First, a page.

A Recipe of Disasters

Updated: Dec 21, 2019

Cooking Going Horribly Wrong, But Eventually Going Right.

When from the distant past nothing remains, after the beings have died, after the things are destroyed and scattered, still, alone, more fragile, yet more vital, more insubstantial, more persistent, more faithful, the smell and taste of things remain poised a long time, like souls, ready to remind us, waiting and hoping for their moment, amid the ruins of everything else; and bear unfaltering, in the tiny and almost impalpable drop of their essence, the immense architecture of memory.


Marcel Proust


It is probably about time for some nudity, some naked honesty, an offloading, a safe space where I can hopefully be absolved of my most shameful culinary sins. The weight of all those mistakes lifted, like the lid from a pot, the stewing fragrance released into the world. This is an attempt to come out from behind the safety of words, the illusion of faultless cooking, the fallacy of a recipe. It is a delusion to see cooking as an attempt at perfection, when in fact most of the time it will be riddled with mistakes, frustrations and swearing, but what good things aren’t? I was reminded of this fact when working on a recipe. It all became clear because of one salty daal. The first taste of which brought on a Proustian reflection of all my kitchen nightmares, memories and embarrassment. I am asking you, the reader, for empathy and if you can manage it, forgiveness. I am afraid what lies ahead is almost entirely unappetising, but it is necessary to be freed from that most dreaded fear of failure. A culinary catharsis, a liberating experience for us all.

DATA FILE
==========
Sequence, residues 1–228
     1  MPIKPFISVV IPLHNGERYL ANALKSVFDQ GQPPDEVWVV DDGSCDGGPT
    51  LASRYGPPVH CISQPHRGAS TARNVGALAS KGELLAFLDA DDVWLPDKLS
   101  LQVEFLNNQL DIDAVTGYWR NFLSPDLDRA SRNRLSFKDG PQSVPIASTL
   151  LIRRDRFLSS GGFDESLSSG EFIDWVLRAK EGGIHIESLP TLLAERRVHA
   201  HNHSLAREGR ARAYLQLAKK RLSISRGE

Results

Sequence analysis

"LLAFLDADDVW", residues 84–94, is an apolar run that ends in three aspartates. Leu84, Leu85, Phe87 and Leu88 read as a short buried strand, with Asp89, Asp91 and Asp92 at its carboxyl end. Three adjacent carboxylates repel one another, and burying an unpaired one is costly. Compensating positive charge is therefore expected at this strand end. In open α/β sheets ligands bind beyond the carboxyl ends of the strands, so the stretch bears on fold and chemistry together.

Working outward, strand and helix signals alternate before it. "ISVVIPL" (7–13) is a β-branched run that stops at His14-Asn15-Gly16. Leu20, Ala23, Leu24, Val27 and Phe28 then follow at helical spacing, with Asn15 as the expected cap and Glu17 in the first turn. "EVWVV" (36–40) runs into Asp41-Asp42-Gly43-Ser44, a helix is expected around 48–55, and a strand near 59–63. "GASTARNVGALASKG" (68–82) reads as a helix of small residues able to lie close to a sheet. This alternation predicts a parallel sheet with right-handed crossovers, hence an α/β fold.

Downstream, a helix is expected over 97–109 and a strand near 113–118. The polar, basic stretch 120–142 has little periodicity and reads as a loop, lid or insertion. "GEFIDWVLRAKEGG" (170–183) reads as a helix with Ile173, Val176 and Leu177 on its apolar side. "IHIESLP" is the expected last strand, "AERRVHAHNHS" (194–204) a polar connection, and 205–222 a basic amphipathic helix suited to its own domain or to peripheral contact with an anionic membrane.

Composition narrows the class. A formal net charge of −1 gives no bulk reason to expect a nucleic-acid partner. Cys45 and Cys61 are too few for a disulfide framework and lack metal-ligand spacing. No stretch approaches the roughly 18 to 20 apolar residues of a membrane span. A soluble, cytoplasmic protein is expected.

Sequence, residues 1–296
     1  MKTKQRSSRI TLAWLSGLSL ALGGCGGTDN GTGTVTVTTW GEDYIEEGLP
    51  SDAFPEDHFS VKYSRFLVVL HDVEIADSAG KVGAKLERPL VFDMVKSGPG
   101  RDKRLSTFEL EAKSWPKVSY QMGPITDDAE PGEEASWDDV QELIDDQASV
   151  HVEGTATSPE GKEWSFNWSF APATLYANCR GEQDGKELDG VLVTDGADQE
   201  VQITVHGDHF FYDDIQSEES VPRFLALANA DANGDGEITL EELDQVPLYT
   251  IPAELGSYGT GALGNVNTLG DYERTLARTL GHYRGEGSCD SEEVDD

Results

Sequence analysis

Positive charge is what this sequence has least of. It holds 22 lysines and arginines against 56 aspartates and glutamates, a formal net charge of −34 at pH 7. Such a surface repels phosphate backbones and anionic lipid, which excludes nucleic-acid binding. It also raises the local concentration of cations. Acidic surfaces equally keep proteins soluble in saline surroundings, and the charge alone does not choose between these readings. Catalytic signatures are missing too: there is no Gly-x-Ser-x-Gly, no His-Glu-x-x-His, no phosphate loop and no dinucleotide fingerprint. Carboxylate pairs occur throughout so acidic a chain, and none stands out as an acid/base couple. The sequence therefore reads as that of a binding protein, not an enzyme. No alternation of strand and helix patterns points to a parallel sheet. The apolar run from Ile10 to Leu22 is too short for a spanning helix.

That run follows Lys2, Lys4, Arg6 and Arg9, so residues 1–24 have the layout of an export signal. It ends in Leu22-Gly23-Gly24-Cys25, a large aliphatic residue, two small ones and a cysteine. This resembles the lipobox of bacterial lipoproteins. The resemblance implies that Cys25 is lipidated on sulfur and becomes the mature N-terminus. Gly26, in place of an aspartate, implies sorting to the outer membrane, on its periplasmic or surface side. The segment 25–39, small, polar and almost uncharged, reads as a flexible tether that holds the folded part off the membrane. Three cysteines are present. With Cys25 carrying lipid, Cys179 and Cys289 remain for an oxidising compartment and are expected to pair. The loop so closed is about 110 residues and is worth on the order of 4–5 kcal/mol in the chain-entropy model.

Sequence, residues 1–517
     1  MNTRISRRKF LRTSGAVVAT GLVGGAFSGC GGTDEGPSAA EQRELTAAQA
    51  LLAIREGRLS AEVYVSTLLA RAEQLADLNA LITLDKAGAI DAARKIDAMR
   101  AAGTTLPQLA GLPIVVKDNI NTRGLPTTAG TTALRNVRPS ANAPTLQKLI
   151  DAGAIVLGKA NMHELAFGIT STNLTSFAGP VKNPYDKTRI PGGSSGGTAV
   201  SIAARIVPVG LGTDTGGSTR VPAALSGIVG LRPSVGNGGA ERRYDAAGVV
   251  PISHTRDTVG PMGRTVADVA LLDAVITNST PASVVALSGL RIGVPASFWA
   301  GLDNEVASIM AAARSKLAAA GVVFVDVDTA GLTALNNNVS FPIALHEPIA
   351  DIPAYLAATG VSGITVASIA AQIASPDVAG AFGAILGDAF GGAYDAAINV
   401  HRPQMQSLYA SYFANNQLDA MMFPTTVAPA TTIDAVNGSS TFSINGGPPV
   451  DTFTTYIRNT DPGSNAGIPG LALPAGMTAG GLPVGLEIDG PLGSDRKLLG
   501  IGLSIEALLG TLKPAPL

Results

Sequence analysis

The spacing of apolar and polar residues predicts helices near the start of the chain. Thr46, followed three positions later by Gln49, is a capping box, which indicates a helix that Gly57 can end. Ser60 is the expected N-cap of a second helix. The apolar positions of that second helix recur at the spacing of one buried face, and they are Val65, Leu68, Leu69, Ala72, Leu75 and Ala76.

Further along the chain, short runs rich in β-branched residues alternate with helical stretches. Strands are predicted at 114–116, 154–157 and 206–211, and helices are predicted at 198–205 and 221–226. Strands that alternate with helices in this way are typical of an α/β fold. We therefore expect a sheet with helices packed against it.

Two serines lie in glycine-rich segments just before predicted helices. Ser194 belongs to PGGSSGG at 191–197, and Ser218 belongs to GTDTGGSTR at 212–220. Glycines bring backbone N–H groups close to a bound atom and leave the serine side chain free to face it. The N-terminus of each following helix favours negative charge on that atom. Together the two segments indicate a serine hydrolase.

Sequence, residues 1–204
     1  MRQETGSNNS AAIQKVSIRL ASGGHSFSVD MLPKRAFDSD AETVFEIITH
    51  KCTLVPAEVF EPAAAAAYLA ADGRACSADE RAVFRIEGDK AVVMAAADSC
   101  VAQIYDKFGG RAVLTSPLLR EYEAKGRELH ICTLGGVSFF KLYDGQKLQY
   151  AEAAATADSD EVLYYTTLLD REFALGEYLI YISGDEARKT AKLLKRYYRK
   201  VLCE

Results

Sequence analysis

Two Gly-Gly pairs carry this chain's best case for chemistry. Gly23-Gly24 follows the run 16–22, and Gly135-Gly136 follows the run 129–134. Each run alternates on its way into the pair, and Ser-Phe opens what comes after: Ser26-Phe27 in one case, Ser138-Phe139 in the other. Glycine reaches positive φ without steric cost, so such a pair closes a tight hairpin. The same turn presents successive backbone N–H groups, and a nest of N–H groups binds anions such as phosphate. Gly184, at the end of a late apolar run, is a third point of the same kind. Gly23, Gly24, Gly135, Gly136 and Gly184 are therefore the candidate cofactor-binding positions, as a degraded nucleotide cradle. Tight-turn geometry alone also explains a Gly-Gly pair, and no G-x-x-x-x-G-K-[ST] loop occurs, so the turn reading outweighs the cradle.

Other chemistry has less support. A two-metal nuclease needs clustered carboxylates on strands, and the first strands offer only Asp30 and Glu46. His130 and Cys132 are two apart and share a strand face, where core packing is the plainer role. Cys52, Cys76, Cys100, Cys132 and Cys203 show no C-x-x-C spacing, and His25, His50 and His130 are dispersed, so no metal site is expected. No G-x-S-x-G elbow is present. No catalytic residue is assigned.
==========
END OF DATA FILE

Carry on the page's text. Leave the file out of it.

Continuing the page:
Another weary winter’s day rained itself towards darkness, I saw again the lugubrious inevitability of short afternoons, long overcoats and sharp wind attacking your fingers, neck and head. Headlights from cars only revealed angry drivers, freezing pedestrians and houses shut off from the world. Compressed frustratingly between waking up, commuting, working and sleeping was the opportunity to cook and the prospect of eating something delicious. My first thought upon waking, as it usually is, was ‘what shall I eat today?’ A question routinely mulled over and one so intertwined with mood, weather, and company, that is rarely ever feels monotonous. After great deliberation, and diversions between cuisine, ingredients and how much money was left in the bank I opted for a chana daal. Unpretentious, warming, nourishing and full of beautiful spices; turmeric, cumin seeds, garam masala, mustard seeds, ginger, everything a person needs for a midweek meal. I also planned to make homemade chapatis, lobbed under the grill and slavered with butter.


The expectation of the first mouthful supported me through the day, I sent the ‘menu’ to the flat, who usually arrive back from work to the welcoming smell of a kitchen in working use. The replies were, ‘sounds good’ and ‘not too much chilli’… a resounding endorsement. Little did they know, today they would arrive back not to a warm dinner, but a smashed plate, an inedible pot of daal and a dejected flatmate with his head in his hands.